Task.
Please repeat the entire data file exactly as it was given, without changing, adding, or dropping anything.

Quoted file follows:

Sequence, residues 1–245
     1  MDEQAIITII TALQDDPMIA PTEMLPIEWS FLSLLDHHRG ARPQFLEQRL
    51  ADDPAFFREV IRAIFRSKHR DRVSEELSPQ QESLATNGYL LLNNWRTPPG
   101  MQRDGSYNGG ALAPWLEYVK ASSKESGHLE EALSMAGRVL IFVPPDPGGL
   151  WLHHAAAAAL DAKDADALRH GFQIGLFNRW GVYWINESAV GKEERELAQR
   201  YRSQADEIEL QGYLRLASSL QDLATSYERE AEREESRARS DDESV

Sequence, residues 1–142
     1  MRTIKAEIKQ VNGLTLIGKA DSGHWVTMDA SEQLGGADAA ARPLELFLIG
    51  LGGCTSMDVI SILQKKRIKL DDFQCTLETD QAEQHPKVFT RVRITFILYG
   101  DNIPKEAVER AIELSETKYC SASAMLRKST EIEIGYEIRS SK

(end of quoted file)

Sequence, residues 1–245
     1  MDEQAIITII TALQDDPMIA PTEMLPIEWS FLSLLDHHRG ARPQFLEQRL
    51  ADDPAFFREV IRAIFRSKHR DRVSEELSPQ QESLATNGYL LLNNWRTPPG
   101  MQRDGSYNGG ALAPWLEYVK ASSKESGHLE EALSMAGRVL IFVPPDPGGL
   151  WLHHAAAAAL DAKDADALRH GFQIGLFNRW GVYWINESAV GKEERELAQR
   201  YRSQADEIEL QGYLRLASSL QDLATSYERE AEREESRARS DDESV

Sequence, residues 1–142
     1  MRTIKAEIKQ VNGLTLIGKA DSGHWVTMDA SEQLGGADAA ARPLELFLIG
    51  LGGCTSMDVI SILQKKRIKL DDFQCTLETD QAEQHPKVFT RVRITFILYG
   101  DNIPKEAVER AIELSETKYC SASAMLRKST EIEIGYEIRS SK